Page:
February 3


How is Diabetes Related to Tendon Pain?

By Gabriela

February 3, 2021

When a person with diabetes feels pain whenever they move, it may be a sign of issues with the tendons. But, what are tendons?

They are actually cord-like bands that connect the muscles to the bones. The high blood glucose levels which go together with the condition have a role when it comes to stirring up the tendon trouble.

We have tendons all over the body and this includes our ankles, shoulders, knees, arms, hips, and wrists. The tendons transfer the force from the muscles to the bones and allow us to move.

In case our blood glucose levels are not under control, the tendons might thicken, and they can tear.

How Does Diabetes Affect the Tendons?

The tendon damage in those with type 1 diabetes and type 2 diabetes occurs because of the substances called AGEs, i.e., advanced glycation end products.

These substances form when fat, or maybe protein, mixes with glucose in the bloodstream.

Usually, the body produces these substances at a steady and slow pace. However, if we have diabetes, the additional glucose in the blood actually speeds up the whole process, and that affects the tendons.

The tendons are actually made from a protein by the name of collagen. The substances AGEs, i.e., advanced glycation end products form a bond with the collagen. In turn, that changes the structure of the tendons and impacts their ability.

Tendon Issues

Carpal Tunnel Syndrome – Weakness, numbness, and tingling in the wrist due to the pressure on the nerve which runs through it.

Frozen Shoulder – Pain and stiffness happens when the capsule around the ligaments and tendons in the joint thickens up.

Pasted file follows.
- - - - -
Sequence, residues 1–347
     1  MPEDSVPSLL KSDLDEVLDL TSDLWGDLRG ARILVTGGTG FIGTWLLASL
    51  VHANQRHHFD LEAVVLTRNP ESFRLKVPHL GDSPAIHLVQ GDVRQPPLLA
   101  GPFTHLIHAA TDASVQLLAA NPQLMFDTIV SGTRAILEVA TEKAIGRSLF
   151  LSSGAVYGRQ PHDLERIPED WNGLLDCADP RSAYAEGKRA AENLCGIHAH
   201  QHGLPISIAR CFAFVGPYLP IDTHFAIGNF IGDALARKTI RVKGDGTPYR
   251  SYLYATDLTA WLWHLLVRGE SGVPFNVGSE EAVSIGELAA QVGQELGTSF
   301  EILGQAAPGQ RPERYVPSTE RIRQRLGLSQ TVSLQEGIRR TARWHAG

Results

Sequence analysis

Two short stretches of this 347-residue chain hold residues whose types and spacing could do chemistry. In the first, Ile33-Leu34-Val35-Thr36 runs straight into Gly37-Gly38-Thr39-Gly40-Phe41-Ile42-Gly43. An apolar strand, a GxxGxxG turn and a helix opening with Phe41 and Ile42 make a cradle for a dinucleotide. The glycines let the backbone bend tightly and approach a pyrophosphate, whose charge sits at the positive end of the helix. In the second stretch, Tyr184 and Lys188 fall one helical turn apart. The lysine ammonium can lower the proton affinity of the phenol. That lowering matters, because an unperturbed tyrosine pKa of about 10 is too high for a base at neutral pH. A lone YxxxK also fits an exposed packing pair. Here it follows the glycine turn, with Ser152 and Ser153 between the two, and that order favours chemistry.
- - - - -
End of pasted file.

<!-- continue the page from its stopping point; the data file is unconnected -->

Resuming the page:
Trigger Finger – The finger is stuck in a bent position, and it only straightens up with a snap, similar to the sound of a pulled trigger.

Rotator Cuff Tears – damage to the muscles and tendons which are found around the shoulder joint and this includes the supraspinatus muscle.

Dupuytren’s Contracture – thickening of the tissue found under the skin of the hand which causes the fingers to bend in toward the palm.

How to Treat and Prevent Tendon Damage?

The best way to prevent tendon issues is to control diabetes. Control over diabetes means lowering blood glucose levels with medicine, exercise, and diet.

Moreover, those who are overweight can try to shed a few pounds, and that can additionally help. Proper control can help improve the overall health and what’s most important take the pressure off the tendons.

In case someone already has tendons issues, they can try different treatments such as:

  • A splint to maintain the joint steady while the tendons recover,
  • Pain relievers like ibuprofen and aspirin,
  • Ice and heat,
  • Exercise,
  • Physical therapy,
  • Muscles relaxants.

But, the best thing would be to consult a doctor about the right treatment.


  • Gabriela

    Co-Founder & Editor-in-Chief of Diabetes Health Page, Fitness trainer and instructor has dedicated her career to educating and informing people for over 10 years. As one of the most passionate diabetes advocates, Gabi has worked tirelessly to ensure that those people receive the education and support they need to properly manage their diabetes and achieve their health, fitness and weight loss goals.

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